Mbiz COO and Co-Founder Ryn Hermawan also shares his insights on the prospect of B2B/G e-commerce in Indonesia. Is it better than B2C e-commerce?
It has been a year since B2B/G e-commerce platform Mbiz was launched into the public. And when e27 sat down with COO and Co-Founder Ryn Hermawan at the company’s office in South Jakarta, there are many updates to share.
One of the most important updates is that the company has closed its Series A round, led by Japanese leasing company Tokyo Century Corporation (TCC).
Though the exact number was undisclosed, Hermawan said that it has put the company’s valuation to IDR1 trillion (US$75 million). He also announced that Mbiz has recorded positive cash flow since last year.
“This is a happy news for a company that has been operating effectively for eight months,” he said.
Mbiz itself is an e-procurement and e-catalogue platform which aims at blue chip companies as its main target market. The platform aims to simplify procurement process which manually, might involve face-to-face meetings, submission of catalogue, and the bidding process itself.
The platform has helped companies to purchase all kinds of products needed to run their business, from lunch boxes, motorbikes, to even a Mercedes Benz car.
Backed by Indonesian conglomerate Lippo Group, the launch of Mbiz followed the earlier launch of the group’s B2C e-commerce platform MatahariMall.
Mbiz has also been chosen by the Indonesian government as an official partner for its e-procurement service.
“Our earlier mislestone is that we have managed to achieve the kind of MVP that we wanted to [build]. But the other milestone is that our product evolves much faster than we expect it to be,” Hermawan said.
“Apart from providing a procurement solutions, it turned out that we have also impacted the finance and other aspects of the company’s operation … So the MVP continues to grow and matured,” he added.
Also Read: Living in the fast lane at MatahariMall HQ
A different battle
Mbiz claimed to have secured more than 600 companies as partners, which may become both buyers and sellers interchangeably.
While 2016 and 2017 were the years Mbiz focussed on educating the market about its business, 2018 will be the year the company expands its services by offering new categories as there is a shifting trend among the startup’s clients.
Previously they tend to purchase goods to support their daily operations, but recently there is a higher recurrence of customised items, such as uniforms and marketing gimmicks.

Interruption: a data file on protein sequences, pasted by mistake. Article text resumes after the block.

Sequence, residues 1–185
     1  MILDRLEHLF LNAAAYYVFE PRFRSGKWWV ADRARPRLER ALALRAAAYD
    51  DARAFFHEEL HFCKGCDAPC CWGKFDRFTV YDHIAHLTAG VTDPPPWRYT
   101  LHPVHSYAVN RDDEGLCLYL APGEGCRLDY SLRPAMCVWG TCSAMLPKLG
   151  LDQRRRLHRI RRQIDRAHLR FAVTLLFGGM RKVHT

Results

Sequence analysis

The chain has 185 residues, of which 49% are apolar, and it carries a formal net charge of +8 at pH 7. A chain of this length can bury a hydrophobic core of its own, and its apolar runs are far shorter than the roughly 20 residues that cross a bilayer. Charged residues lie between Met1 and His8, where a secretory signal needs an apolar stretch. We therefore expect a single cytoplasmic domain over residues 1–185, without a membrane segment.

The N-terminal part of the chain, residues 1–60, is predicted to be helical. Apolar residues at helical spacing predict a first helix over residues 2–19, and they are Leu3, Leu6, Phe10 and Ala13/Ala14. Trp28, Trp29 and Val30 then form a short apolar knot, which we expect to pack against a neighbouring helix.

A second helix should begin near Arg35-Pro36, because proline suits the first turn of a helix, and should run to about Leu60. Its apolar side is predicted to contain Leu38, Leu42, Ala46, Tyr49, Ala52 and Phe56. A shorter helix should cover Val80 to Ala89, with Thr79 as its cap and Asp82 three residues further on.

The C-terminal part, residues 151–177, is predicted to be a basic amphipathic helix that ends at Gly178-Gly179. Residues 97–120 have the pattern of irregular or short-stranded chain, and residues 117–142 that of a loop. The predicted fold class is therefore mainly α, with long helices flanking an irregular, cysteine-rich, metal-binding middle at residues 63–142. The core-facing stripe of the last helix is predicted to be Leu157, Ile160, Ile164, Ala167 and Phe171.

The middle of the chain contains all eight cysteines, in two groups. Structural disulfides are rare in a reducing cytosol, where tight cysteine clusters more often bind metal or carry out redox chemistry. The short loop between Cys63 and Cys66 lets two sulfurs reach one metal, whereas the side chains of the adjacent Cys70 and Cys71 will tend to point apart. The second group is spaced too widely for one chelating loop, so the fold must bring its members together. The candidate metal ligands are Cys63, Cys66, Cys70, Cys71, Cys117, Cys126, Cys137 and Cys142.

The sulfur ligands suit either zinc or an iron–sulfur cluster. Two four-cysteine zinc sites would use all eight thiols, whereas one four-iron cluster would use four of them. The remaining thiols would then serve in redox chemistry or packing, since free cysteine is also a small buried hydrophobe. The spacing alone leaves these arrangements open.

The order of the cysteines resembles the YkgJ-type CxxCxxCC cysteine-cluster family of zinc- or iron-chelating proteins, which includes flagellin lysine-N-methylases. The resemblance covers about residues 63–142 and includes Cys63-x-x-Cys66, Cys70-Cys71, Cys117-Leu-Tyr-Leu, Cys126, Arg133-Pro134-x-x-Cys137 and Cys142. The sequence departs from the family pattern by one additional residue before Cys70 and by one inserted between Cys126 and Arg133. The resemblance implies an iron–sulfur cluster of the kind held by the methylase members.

Mbiz has also begun handling requests for marketing events organising, such as outsourcing for MCs or promotional banners.
Often being perceived by the public as a “safer” option for tech startups, operating an e-commerce platform that caters to the B2B/G segment has its own unique challenges and opportunities.
“We see that market penetration is quite challenging, as we are not only changing the habit of an individual, but also a corporation, and it is strongly related to the company’s policy, structure, and process. The barrier of entry is the challenge on how to embed our solutions to the existing process in that company,” Hermawan said.
“But there is also a great opportunity for us as by entering a company’s process, we are creating a barrier of entry [for our competitors],” he added.
It is also not that easy for customers to change into other e-procurement service provider.
“Even if a competitor is able to provide a better solution than us, most likely, our customers will reach out to us first and ask if we can provide the same for them,” Hermawan said.
The future of Indonesian e-commerce: B2B/G?
Industry players believe that the Indonesian e-commerce industry have begun to enter a period of consolidation.
In 2016, major fashion e-commerce startups such as Berrybenka and SaleStock are laying off their employess, and fate is much crueler for smaller players such as Lolalola (which had been shut down) and PinkEmma (which had temporarily closed its service).
With B2B/G e-commerce platforms, the situation is a different.
“B2B is still in its infancy. Even with LKKPN [the government’s e-procurement service] there is still very little absorbency, about less than five per cent. There is a great opportunity here. So we cannot say that we have reached consolidation, as no one [in the sector] is currently able to manage that big of an order from the government,” Hermawan said.
This is also the reason why Mbiz is not too concerned about competing with startups working in the same area, and would rather focus on developing the solutions that its customers needed.
“B2B requires direct penetration towards its customers, because what they needed is not really out in the open. There’s a great element of personalisation in the service we provide, and it’s not something that is open to the public as each company has their own unique SOPs,” Hermawan explained.
“B2B is all about building long-term relationships. With B2C, it is all about convenience, pricing, and speed. When customers can’t find it in one site, they immediately move to other site. But with B2B there are more factors to consider. It’s not always about the pricing,” he stressed.
Image Credit: Mbiz
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